What if your clothes could charge your mobile phone, fitness tracker and other devices using power harvested from your movements? Mundane tasks such as walking or sitting down could power your mobile devices.

At team from Vanderbilt University's Nanomaterials and Energy Devices Laboratory has developed an ultra-thin energy harvesting system that has the potential to do just that. The harvesting system is based on battery technology and made from layers of black phosphorus that are only a few atoms thick. It generates small amounts of electricity when it is bent or pressed even at the extremely low frequencies characteristic of human motion.

20170731_VU_NT1a Figure 1: Transmission electron microscope image showing the ultrathin layers of black phosphorus used in the energy harvesting device. An angstrom (Å) is about the width of a single atom and is one tenth of a nanometre (nm). (Source: Nanomaterials and Energy Devices Laboratory / Vanderbilt)

“In the future, I expect that we will all become charging depots for our personal devices by pulling energy directly from our motions and the environment,” said Cary Pint, Assistant Professor of Mechanical Engineering who directed the research.

The new energy harvesting system is described in a paper titled “Ultralow Frequency Electrochemical Mechanical Strain Energy Harvester using 2D Black Phosphorus Nanosheets” published online by ACS Energy Letters.

“This is timely and exciting research given the growth of wearable devices such as exoskeletons and smart clothing, which could potentially benefit from Dr. Pint’s advances in materials and energy harvesting,” said Karl Zelik, assistant professor of mechanical and biomedical engineering at Vanderbilt, an expert on the biomechanics of locomotion. Zelik is not part of the team who developed the harvesting device.

Currently, there is a tremendous amount of research aimed at discovering effective ways to tap ambient energy sources. These include mechanical devices designed to extract energy from vibrations and deformations; thermal devices aimed at pulling energy from temperature variations; radiant energy devices that capture energy from light, radio waves and other forms of radiation; and electrochemical devices that tap biochemical reactions.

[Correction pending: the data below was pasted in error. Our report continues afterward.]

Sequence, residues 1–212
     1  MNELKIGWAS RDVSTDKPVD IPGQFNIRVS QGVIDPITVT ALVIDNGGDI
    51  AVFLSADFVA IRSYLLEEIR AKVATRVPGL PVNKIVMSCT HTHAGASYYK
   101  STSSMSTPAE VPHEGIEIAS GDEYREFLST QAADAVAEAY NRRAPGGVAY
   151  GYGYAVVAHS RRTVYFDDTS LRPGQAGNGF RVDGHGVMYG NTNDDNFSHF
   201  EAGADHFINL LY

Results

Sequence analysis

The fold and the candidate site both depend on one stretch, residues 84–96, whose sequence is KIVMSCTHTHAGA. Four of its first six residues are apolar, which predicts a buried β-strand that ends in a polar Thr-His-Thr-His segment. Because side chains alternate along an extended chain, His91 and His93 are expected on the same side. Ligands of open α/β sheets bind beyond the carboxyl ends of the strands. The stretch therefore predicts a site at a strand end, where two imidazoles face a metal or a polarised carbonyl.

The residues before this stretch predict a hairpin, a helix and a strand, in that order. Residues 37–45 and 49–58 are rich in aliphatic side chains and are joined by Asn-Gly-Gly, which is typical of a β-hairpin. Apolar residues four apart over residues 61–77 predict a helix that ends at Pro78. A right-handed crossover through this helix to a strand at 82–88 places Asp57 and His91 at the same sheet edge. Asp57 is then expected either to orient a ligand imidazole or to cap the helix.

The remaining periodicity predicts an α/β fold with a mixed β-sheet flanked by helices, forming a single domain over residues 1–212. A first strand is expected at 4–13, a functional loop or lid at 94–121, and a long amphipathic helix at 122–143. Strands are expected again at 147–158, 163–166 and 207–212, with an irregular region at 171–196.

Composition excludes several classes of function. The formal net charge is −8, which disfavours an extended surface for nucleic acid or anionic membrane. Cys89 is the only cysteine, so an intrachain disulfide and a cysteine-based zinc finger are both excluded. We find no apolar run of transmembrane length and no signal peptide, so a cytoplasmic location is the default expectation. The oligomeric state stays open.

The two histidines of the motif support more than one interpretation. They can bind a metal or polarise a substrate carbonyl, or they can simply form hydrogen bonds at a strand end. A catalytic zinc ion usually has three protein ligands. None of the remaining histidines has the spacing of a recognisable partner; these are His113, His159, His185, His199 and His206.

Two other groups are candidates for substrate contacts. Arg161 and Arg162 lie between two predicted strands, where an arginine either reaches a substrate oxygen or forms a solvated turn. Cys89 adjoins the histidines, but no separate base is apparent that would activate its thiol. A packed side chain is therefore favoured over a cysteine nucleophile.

“Compared to the other approaches designed to harvest energy from human motion, our method has two fundamental advantages,” said Pint. “The materials are atomically thin and small enough to be impregnated into textiles without affecting the fabric’s look or feel and it can extract energy from movements that are slower than 10Hz—10 cycles per second—over the whole low-frequency window of movements corresponding to human motion.”

Doctoral students Nitin Muralidharan and Mengya Li co-led the effort to make and test the devices. “When you look at Usain Bolt, you see the fastest man on Earth. When I look at him, I see a machine working at 5Hz,” said Muralidharan.

Extracting usable energy from such low frequency motion has proven to be extremely challenging. For example, a number of research groups are developing energy harvesters based on piezoelectric materials that convert mechanical strain into electricity. However, these materials often work best at frequencies of more than 100Hz. This means that they don’t work for more than a tiny fraction of any human movement so they achieve limited efficiencies of less than 5-10% even under optimal conditions.

“Our harvester is calculated to operate at over 25% efficiency in an ideal device configuration, and most importantly harvest energy through the whole duration of even slow human motions, such as sitting or standing,” Pint said.

The Vanderbilt lab’s ultrathin energy harvester is based on the group’s research on advanced battery systems. Over the past 3 years, the team has explored the fundamental response of battery materials to bending and stretching. They were the first to demonstrate experimentally that the operating voltage changes when battery materials are placed under stress. Under tension, the voltage rises and under compression, it drops.

20170731_VU_NT1b Figure 2: Mengya Li and Nitin Muralidharan adjust the energy harvesting device on the arm of Thomas Metke while Professor Cary Pint looks on. (Source: John Russell / Vanderbilt)